Weapons which cause injuries of various kinds and degrees to man and beast by the use of the asphyxiating, toxic, irritant, paralysing, growth-regulating, anti-lubricating or catalytic properties of a solid, liquid or gaseous chemical.

Chemical weapons may also pollute food, beverages and materials. Their use, manufacture and stockpiling are prohibited.

See Biological and bacteriological weaponsMeans of warfareWeaponsConduct of hostilities;

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Suggested reading :

BOTHE Michael (ed.), The New Chemical Weapons Convention: Implementation and Prospects, The Hague, Kluwer Law International, 1998, 613 pp.

International Institute of Humanitarian Law, The Chemical Weapons Convention: between Disarmament and International Humanitarian Law: [international seminar], Sanremo, Italy, 15 February 2008, Sanremo, February 2008, 24 pp.

KRUTZSCH Walter & TRAPPS Ralph (eds), A Commentary on the Chemical Weapons Convention, Dordrecht, M.Nijhoff, 1994, 543 pp.

SOLOMON Brian (ed.), Chemical and Biological Warfare, New York, Wilson, 1999, 158 pp.

Further reading :

BAUDENDISTEL Rainer, “Force Versus Law: The International Committee of the Red Cross and Chemical Warfare in the Italo-Ethiopian War 1935-1936”, in IRRC, No. 322, March 1998, pp. 81-104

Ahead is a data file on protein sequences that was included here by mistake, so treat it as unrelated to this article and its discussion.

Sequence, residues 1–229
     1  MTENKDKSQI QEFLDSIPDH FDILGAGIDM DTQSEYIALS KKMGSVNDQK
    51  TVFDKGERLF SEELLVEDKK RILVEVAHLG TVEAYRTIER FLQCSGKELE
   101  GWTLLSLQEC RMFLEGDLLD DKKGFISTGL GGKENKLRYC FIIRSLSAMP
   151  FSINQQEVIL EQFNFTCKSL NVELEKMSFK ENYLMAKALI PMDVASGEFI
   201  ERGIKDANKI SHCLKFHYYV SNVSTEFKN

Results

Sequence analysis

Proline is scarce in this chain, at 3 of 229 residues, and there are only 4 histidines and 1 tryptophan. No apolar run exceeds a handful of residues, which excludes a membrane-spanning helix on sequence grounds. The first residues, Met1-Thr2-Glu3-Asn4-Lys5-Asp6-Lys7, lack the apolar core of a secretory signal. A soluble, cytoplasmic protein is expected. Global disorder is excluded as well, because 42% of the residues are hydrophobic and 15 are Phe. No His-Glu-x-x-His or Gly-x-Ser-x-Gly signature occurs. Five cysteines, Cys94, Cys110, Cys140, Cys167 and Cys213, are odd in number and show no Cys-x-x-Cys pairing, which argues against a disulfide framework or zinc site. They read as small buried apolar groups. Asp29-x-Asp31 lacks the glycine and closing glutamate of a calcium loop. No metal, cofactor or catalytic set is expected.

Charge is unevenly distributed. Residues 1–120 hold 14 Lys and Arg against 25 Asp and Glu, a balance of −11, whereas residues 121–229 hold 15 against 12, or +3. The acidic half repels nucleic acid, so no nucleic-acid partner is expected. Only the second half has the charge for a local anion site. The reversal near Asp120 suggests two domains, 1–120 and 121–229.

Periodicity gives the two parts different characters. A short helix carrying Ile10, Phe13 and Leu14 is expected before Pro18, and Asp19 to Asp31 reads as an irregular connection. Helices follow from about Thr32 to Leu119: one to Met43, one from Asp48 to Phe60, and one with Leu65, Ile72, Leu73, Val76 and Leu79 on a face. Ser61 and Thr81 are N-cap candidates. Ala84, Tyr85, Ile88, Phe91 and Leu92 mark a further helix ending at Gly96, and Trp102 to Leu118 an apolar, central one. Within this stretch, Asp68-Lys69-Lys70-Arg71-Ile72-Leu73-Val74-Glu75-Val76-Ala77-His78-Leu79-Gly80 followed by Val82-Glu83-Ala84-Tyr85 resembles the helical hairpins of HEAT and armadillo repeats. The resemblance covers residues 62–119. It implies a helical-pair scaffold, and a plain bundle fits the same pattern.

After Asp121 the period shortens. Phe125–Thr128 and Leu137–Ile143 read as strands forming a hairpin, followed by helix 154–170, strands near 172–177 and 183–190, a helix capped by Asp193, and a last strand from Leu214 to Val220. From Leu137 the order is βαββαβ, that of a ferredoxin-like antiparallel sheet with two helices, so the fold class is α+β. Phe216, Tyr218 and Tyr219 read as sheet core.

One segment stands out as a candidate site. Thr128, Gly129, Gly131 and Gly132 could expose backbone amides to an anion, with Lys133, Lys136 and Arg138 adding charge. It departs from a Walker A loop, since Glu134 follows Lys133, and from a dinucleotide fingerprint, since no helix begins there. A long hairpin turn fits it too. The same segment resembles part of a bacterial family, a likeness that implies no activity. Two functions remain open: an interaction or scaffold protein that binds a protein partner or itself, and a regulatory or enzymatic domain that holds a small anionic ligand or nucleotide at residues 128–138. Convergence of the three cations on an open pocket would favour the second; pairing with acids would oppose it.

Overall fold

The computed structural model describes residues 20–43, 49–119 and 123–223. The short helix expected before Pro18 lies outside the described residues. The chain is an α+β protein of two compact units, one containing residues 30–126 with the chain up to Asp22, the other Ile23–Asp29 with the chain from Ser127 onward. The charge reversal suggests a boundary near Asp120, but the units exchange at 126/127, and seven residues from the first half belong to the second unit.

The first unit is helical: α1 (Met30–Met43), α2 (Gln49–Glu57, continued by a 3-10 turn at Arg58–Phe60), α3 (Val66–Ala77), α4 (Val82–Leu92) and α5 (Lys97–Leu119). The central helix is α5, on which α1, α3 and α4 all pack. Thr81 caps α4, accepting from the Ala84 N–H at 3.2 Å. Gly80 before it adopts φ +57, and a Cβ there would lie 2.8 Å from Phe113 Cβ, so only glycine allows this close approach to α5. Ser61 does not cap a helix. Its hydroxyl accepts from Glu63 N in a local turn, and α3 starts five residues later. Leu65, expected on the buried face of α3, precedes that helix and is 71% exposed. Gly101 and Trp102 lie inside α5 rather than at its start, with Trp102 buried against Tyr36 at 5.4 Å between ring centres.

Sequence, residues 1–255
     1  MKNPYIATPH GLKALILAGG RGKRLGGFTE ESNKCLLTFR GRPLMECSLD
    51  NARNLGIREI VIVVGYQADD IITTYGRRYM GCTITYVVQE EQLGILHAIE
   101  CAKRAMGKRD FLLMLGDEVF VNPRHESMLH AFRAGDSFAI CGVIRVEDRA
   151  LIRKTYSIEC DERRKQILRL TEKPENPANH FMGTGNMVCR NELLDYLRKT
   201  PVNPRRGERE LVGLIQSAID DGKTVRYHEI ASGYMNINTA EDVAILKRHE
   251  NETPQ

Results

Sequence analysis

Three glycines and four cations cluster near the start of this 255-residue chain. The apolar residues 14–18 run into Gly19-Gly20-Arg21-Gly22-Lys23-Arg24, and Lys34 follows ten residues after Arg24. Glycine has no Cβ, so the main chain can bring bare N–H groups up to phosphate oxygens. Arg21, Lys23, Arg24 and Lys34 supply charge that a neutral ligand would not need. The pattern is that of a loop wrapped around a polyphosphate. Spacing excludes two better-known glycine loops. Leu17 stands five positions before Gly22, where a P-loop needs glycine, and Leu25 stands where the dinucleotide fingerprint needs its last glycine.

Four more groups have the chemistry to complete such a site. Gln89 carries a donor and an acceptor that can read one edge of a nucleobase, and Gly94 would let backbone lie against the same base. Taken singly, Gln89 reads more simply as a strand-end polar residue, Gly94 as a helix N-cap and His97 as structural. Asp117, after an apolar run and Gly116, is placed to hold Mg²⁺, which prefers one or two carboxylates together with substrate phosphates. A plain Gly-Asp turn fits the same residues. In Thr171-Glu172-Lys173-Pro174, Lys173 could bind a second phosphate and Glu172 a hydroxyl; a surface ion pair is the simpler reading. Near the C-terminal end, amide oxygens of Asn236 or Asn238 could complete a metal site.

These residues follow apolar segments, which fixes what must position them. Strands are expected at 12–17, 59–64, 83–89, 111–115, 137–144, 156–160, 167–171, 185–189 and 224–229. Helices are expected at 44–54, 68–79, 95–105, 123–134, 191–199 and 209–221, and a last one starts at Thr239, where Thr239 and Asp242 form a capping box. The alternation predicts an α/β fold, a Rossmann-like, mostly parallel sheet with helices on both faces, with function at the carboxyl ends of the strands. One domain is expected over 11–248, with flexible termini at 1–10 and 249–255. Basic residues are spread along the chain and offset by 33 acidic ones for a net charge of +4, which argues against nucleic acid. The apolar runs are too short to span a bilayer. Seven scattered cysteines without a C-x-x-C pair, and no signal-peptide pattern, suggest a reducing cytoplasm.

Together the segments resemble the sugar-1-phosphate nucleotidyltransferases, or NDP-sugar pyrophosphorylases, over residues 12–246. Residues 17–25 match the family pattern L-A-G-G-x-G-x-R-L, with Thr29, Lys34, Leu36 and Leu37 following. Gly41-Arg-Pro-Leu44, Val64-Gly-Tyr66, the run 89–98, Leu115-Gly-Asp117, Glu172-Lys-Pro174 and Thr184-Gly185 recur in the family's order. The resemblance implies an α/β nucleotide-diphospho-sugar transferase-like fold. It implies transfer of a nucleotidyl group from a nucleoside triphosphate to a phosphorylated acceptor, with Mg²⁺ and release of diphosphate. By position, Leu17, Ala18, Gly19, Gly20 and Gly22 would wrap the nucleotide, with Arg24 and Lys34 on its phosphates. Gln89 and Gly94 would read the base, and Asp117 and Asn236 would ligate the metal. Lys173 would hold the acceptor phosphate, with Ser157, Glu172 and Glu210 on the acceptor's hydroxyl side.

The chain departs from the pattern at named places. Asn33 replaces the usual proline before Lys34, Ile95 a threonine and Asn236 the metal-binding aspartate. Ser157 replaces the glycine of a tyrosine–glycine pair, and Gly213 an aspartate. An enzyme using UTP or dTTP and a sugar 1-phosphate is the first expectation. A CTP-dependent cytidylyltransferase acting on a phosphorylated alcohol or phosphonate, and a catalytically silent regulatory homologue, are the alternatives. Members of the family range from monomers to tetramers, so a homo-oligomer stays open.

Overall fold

FENWICK Charles G., “New Developments in the Law Concerning the Use of Conventional Weapons in Armed Conflict”, in CYIL, Vol. 19, 1981, pp. 229-256.

GASPARINI Giovanni & RONZITTI Natalino (eds), The Tenth Anniversary of the CWC’s Entry into Force: Achievements and Problems, Roma, Istituto Affari Internazionali, December 2007, 128 pp.

HUNT Cecil, “The Potential Contribution of the Chemical Weapons Convention to Combating Terrorism”, in MJIL, Vol. 20/3, 1999, pp. 523-535.

YUZON E.F.J., “Deliberate Environmental Modification Through the Use of Chemical and Biological Weapons: Greening the International Laws of Armed Conflict to Establish an Environmentally Protective Regime”, in American UniversityJournal of International Law and Policy, Vol. 11, 1996, pp. 793-846.